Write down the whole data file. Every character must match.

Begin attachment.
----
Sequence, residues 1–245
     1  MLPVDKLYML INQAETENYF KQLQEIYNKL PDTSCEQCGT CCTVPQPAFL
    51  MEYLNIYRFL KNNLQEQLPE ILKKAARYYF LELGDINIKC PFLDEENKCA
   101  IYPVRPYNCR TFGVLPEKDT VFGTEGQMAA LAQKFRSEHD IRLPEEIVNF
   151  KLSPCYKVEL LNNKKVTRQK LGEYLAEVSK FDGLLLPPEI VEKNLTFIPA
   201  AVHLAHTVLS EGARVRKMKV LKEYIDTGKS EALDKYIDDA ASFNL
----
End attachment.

Sequence, residues 1–245
     1  MLPVDKLYML INQAETENYF KQLQEIYNKL PDTSCEQCGT CCTVPQPAFL
    51  MEYLNIYRFL KNNLQEQLPE ILKKAARYYF LELGDINIKC PFLDEENKCA
   101  IYPVRPYNCR TFGVLPEKDT VFGTEGQMAA LAQKFRSEHD IRLPEEIVNF
   151  KLSPCYKVEL LNNKKVTRQK LGEYLAEVSK FDGLLLPPEI VEKNLTFIPA
   201  AVHLAHTVLS EGARVRKMKV LKEYIDTGKS EALDKYIDDA ASFNL